In promotional photographs of the islands, the water is flat, resembling the surface of a lake. This illusion has caused problems for the uninitiated. Beneath that calm surface are the currents of an ever-changing river. How many Islanders have chuckled as they watched sailboats with sails filled slowly slipping backwards, tide trumping wind?
During some months we have 13-foot tide swings. That is a tremendous amount of water passing any given point in the Islands. Even with lesser tides the currents may be formidable. Instead of an impediment, these currents may be used to advantage much as sailors tack the wind.
If you are going out on the water it is essential that you consult a tide chart for the direction of the major flow. But between the Islands it isn’t as simple as water flows toward the sea with the ebb, and back when the tide is coming in. Frequently there are currents close to the islands moving in the opposition to the direction to the main body of water. In the photo above, a counter current is rushing past the NW corner of Obstruction Island.
Knowing the tidal direction, you may notice that the movement of flotsam or of birds floating near shore is going the other way, a counter current. Look for the direction of the tresses of the bull kelp floating with the current. Also look for a line of flotsam or of birds out from shore. This is an indication of the changing interface between the main tidal movement and the counter current.
To show how you can tack the currents or use counter currents to help you, take a look at the photo of Obstruction Island. If we agree it is shaped like a pork chop, north parallels the left or loin side and the tail points south. Obstruction Pass Dock is across the water on the left (Orcas) and Deer Point is across from the north side of the island. When at ebb, the water flows toward the lower left corner of the photo.
What if you wish to leave the west side of Obstruction and row to the county dock on the Orcas side during an ebb tide? If you aim directly toward the Orcas dock, chances are you will be pushed south of the Orcas point on the left. The current here runs extremely fast and you and will have a battle rounding the point. Even small powerboats get in trouble here.
Instead, stay close to Obstruction’s shore paralleling the shore past its NW point and continuing on that trajectory straight ahead. You are rowing at a right angle to the Orcas dock (one side of a triangle) but with the tide coming out of Rosario Straits (2nd side of a triangle) and pushing your side (abeam), you will arrive exactly at the dock. The combination has taken on a trajectory making the 3rd side of the triangle (the set). Rowing my 17’ Whitehall with the adverse tide combines for my fastest crossings – 7 minutes.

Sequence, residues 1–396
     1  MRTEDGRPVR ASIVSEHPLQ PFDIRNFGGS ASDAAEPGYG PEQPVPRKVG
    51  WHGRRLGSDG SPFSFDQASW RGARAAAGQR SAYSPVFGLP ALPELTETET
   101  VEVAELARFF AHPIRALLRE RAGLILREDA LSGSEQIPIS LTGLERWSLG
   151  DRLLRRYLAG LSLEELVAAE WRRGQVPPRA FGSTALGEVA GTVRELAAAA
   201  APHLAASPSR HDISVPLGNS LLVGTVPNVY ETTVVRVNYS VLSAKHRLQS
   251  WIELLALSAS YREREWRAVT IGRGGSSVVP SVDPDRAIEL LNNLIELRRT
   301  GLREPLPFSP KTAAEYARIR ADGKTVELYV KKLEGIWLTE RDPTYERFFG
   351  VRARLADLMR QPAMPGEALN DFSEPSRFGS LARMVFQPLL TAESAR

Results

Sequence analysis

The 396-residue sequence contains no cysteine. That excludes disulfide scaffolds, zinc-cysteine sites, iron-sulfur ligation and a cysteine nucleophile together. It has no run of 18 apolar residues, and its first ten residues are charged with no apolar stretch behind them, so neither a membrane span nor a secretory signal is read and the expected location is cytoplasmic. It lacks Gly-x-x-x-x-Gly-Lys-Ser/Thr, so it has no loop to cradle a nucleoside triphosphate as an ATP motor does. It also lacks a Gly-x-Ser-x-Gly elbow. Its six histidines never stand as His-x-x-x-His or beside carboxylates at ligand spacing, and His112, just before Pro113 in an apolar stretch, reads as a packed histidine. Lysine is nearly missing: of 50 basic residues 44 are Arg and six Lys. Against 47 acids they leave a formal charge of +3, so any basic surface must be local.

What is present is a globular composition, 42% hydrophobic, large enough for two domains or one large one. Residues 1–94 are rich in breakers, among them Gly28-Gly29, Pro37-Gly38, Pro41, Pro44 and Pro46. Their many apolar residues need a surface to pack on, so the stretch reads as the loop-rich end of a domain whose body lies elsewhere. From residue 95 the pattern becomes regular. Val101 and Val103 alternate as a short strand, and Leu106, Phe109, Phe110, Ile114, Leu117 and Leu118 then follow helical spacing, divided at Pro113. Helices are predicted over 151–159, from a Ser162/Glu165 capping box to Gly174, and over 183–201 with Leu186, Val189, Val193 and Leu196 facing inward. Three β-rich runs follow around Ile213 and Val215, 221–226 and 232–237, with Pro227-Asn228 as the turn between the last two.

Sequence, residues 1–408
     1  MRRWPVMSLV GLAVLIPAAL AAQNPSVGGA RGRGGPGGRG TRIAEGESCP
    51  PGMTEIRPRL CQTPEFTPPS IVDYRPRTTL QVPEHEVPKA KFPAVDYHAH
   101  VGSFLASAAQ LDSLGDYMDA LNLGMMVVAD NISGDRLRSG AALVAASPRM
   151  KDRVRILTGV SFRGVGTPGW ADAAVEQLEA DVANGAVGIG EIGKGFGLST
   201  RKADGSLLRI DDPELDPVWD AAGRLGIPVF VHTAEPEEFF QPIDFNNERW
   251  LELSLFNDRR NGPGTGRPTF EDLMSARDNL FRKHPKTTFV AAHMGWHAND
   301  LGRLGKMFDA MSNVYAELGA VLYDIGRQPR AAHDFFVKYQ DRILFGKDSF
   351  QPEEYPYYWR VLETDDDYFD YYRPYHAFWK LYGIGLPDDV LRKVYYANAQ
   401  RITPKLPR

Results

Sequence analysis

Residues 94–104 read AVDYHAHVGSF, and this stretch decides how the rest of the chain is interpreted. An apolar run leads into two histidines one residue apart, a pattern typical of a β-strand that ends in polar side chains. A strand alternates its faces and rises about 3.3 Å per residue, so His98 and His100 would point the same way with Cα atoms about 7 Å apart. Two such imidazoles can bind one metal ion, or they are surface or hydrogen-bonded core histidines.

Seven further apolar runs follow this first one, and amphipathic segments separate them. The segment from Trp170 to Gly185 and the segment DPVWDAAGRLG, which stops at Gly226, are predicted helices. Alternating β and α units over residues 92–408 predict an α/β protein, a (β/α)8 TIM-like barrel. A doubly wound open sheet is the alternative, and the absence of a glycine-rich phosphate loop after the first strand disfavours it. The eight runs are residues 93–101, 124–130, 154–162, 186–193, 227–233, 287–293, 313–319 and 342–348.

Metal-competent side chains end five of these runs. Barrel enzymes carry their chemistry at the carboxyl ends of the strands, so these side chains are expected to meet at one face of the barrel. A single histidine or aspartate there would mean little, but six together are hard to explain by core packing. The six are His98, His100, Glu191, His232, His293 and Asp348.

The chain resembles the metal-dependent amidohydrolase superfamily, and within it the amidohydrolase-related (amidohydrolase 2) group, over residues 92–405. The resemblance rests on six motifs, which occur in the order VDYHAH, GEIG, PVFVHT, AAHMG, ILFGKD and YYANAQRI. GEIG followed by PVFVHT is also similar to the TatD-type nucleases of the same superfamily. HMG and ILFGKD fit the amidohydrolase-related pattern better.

When returning from Orcas with a fast-running ebb, it is quicker if you stay close to the Orcas shore and ride the river rather than heading point-to-point. And fun — you seem to be flying! When you are across from the middle of the west side, above, turn and head back NE across the open water – you will end up at the indent above the tail, south of your set.
For me, the most difficult course in Obstruction Pass is rowing from Orcas to the dock on the north side of Obstruction against an ebb tide. I’ve learned to stay close to the Orcas shore toward Deer Point. One must avoid the temptation to turn by the house across from the North Dock. If I turn too soon I end up pushed into Obstruction west of the dock and battling the strong outward flow close to the rocky shore. I have found I must keep going along the Orcas shore until I reach the next house toward Deer Point and, instead of rowing across to the dock, row hard southeast as though headed to the refineries in Anacortes. Voila, the North Dock!
The photo above, taken from the North Dock looking back at the Orcas dock, shows the rocks you want to have passed before getting caught in the outbound current.!
The same challenges are found along all of the shores of our Islands. To enjoy the water more, take time to notice what is happening in your area. Harney Channel, for example, gets the tides in an out from both ends, affecting boating in the Channel, in West Sound and in Deer Harbor. I can attest that rowers in the September Deer Harbor race don’t always think of the tides when circumnavigating Fawn Island. Those who have done their homework are more likely to win.
80 years ago June Burns and her husband homesteaded Sentinel Island with just a rowboat for travel. In her book, Living High, June Burns tells many stories of their adventures with the tides. The silent rivers were running then and are today. For me, learning how to use this day’s currents has made a frequent passage a rewarding, always-changing challenge.
Does tide beat wind? Next month – stories of adventures when the wind was a major player.
©Caroline Buchanan 2009
A somewhat different version was first published on November 17, 2009 in Project Home, a division of Sound Publishing, Inc. and circulated with The Islands’ Sounder, The Islands Weekly, and The Journal of the San Juans.